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A Predictable Re-entry Ritual Can Benefit You and Your Children

 

Bring Peace to Late Afternoons with a Ritual of Re-entry

Developed by Mary Sheedy Kurcinka Ed.D. and Lynn Jessen M.A.

Returning from school, childcare or from the other parent’s home, if you share custody, can be a very difficult transition for all. A ritual of entry that soothes and calms can ease the pain of transition.

When your children arrive, know that they have been working very, hard while away from you, and may be at a point of overload. Think about what they need to bring their arousal system back into a state of calm energy. Are they hungry?  Do the introverts need space and quiet? Are the extroverts eager to tell you about their day? Would time playing outside re-center them, or perhaps a warm bath is just what is needed.  

Together with your children make a plan. What you do will vary according to the needs of each child, but once you establish the plan follow it. To help your children adhere to the system create a visual map of the sequence so they can see it as well as hear it.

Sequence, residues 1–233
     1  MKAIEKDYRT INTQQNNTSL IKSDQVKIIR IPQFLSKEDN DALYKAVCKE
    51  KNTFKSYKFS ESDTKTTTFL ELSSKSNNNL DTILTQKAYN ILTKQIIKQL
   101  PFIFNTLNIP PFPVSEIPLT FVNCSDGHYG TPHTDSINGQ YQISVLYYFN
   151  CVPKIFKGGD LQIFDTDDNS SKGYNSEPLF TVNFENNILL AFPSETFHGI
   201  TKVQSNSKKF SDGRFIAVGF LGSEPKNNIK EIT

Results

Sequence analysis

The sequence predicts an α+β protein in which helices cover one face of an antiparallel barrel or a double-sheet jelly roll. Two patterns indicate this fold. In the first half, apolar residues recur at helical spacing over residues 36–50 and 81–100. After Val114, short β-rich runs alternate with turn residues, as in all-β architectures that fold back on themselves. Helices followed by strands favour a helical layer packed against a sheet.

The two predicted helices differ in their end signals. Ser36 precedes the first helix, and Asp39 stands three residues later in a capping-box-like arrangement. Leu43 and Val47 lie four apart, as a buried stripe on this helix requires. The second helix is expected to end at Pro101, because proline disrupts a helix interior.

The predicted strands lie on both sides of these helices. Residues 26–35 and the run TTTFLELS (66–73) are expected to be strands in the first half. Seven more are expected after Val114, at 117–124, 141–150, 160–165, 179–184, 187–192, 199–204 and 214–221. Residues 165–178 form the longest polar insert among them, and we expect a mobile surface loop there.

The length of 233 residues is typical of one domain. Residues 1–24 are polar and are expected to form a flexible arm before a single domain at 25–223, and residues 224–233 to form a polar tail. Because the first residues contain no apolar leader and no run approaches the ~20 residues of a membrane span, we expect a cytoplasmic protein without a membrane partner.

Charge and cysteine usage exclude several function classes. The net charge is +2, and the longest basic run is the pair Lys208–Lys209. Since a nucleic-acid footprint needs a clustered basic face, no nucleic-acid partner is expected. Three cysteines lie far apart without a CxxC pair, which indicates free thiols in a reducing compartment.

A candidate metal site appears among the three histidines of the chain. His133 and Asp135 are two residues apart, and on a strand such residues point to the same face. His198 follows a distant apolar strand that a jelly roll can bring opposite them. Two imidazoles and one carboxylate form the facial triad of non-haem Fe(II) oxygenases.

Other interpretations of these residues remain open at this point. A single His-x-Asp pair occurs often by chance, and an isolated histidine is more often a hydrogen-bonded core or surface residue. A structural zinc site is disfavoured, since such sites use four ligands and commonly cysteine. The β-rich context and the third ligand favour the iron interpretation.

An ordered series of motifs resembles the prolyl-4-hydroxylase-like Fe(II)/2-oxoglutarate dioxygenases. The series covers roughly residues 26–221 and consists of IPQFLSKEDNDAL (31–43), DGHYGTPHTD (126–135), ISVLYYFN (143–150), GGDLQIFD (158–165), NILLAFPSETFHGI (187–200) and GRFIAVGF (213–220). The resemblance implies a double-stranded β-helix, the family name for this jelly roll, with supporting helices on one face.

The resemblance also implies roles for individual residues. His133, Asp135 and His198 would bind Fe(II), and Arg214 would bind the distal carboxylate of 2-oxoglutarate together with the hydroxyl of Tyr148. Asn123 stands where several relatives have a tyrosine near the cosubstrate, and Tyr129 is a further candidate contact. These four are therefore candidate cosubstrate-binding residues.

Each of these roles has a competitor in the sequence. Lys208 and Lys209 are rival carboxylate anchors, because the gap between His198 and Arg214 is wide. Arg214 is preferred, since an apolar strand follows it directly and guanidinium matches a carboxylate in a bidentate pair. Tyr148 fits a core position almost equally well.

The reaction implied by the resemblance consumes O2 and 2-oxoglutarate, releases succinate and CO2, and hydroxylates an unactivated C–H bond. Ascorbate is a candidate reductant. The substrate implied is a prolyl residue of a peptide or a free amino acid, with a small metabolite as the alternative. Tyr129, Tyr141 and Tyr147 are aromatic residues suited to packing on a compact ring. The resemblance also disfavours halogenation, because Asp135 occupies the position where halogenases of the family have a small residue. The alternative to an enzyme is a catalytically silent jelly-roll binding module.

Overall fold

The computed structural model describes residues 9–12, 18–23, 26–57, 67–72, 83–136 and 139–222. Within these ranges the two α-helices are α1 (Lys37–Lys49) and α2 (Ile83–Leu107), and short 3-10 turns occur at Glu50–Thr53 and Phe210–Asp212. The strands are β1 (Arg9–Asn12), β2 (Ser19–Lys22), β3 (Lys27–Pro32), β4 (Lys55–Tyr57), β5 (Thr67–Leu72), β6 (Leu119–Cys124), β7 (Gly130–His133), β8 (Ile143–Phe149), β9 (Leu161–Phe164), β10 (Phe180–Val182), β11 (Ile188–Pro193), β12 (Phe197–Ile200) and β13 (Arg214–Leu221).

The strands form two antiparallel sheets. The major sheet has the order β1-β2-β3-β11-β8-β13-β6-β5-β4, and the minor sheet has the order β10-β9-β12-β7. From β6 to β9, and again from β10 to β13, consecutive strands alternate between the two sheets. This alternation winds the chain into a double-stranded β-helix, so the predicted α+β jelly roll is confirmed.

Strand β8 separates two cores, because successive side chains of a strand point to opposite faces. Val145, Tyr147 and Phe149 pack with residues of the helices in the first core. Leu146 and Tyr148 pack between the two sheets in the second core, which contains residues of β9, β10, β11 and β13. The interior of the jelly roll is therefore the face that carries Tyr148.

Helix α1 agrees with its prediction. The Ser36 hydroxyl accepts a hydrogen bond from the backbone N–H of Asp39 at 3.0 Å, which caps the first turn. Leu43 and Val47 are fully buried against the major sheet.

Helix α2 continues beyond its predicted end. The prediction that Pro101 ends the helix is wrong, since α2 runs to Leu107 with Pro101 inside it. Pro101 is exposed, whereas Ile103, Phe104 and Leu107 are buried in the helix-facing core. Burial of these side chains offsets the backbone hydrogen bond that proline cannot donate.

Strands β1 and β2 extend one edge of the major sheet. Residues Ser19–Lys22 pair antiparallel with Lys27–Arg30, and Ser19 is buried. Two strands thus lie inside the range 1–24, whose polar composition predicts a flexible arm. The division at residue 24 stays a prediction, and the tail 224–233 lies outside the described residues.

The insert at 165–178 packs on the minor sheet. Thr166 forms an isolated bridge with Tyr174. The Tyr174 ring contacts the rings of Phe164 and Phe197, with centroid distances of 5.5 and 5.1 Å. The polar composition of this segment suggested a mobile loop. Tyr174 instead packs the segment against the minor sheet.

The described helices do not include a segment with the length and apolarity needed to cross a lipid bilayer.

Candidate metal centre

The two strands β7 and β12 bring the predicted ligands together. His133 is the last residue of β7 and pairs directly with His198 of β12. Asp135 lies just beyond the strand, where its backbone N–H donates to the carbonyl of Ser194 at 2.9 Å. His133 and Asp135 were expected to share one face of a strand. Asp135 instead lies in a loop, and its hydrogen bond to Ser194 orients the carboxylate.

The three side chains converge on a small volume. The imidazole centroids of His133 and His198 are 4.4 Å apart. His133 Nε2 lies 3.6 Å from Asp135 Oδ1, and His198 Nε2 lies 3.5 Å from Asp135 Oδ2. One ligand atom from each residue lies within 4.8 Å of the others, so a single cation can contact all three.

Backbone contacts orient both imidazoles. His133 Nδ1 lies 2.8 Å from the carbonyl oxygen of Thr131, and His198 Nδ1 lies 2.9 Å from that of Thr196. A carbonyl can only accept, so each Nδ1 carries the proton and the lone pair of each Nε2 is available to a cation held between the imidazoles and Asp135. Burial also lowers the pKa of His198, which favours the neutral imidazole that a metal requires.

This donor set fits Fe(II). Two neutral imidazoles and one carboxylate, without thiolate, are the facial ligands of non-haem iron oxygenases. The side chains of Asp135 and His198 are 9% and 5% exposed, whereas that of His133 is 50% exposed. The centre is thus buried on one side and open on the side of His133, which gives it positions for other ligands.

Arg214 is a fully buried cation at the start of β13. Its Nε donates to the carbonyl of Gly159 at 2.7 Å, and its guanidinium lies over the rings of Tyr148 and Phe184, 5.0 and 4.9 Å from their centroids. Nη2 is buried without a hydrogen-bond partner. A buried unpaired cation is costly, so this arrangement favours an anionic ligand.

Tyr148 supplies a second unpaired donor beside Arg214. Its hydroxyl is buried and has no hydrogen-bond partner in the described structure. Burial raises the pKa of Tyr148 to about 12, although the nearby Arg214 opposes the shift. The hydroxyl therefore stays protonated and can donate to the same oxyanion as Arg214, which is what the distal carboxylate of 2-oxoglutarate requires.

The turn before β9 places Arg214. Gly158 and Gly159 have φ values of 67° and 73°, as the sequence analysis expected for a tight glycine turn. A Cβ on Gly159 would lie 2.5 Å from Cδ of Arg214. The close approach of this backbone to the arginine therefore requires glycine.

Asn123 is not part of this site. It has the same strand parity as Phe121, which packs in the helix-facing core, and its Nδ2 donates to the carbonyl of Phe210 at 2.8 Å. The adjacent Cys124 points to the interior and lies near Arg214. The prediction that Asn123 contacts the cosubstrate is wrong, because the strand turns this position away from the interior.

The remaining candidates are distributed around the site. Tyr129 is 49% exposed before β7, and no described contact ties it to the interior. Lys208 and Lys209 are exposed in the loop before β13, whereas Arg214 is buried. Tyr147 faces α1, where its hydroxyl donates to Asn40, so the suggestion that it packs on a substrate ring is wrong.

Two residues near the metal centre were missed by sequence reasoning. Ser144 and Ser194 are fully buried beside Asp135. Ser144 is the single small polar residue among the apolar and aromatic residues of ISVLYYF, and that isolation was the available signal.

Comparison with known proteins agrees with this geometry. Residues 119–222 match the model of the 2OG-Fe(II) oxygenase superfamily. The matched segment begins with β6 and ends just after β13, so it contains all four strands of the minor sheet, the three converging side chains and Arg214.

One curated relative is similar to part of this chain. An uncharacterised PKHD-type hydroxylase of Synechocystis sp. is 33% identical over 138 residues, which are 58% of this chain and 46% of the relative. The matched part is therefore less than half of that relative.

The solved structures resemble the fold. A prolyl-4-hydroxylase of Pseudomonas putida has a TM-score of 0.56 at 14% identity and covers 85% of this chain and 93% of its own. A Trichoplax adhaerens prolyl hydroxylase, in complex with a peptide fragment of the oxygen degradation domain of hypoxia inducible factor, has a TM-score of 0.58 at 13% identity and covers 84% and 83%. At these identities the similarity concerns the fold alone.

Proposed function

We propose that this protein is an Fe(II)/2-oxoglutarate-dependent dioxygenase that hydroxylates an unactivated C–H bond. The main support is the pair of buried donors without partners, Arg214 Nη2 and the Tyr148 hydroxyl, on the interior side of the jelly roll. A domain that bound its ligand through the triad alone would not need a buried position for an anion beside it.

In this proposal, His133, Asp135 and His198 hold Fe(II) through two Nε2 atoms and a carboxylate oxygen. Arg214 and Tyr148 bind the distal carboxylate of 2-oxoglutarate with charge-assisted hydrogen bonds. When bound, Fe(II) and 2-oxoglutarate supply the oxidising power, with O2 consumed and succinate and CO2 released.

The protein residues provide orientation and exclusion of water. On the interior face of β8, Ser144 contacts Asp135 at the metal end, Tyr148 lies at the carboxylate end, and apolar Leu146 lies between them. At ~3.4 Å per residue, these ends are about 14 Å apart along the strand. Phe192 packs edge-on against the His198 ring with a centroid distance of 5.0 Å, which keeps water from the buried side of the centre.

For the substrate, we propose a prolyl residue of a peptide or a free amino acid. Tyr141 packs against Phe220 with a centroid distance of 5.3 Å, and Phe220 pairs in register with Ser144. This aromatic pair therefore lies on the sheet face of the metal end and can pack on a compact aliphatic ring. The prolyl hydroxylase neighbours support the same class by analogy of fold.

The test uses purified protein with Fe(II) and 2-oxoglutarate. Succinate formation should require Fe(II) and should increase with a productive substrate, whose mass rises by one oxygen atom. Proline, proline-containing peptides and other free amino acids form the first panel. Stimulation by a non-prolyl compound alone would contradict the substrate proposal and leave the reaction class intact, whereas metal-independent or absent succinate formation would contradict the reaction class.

We realize every day may not be the same. One day you may pick-up from school and the next from soccer practice, but when you come home you can still maintain the sequence. If this is not possible, create a ritual of entry specific to that “day,” and let the children know at breakfast that morning the “special day re-entry plan” will be in place. 

The plan for your children will be different from that of your friend’s children, but an example may be: Arrive home. Put away coat and shoes. Empty backpack. Eat mid-afternoon snack while talking with parent, then go outside to play for thirty minutes. Use a color timer, so the children know how long they can play.

Or, perhaps for a child who gets anxious about homework, the plan may be put away coat and shoes. Empty the backpack. Eat snack. Do twenty minutes of homework, and then into a bubble bath to relax or go outside to play. 

A re-entry ritual allows your children to know what to expect when they arrive home. There are no surprises or sudden change of plans. Instead, there is a comforting sequence of calming activities. Once restored they will be ready to move on to other late afternoon activities, such as practicing an instrument, or completing homework if they did not finish it earlier. Now, however they move into these activities calmer, ready to focus and perform. It may not be perfect, this is still a challenging time of the day, but it will be better.

Could your family benefit from a predictable ritual of re-entry?

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